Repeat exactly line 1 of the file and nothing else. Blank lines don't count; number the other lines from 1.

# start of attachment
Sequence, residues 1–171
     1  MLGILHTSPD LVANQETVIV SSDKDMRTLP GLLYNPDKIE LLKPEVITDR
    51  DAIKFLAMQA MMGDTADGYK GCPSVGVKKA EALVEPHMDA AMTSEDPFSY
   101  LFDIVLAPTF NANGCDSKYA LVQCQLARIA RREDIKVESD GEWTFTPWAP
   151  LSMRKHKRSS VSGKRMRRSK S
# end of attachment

Sequence, residues 1–171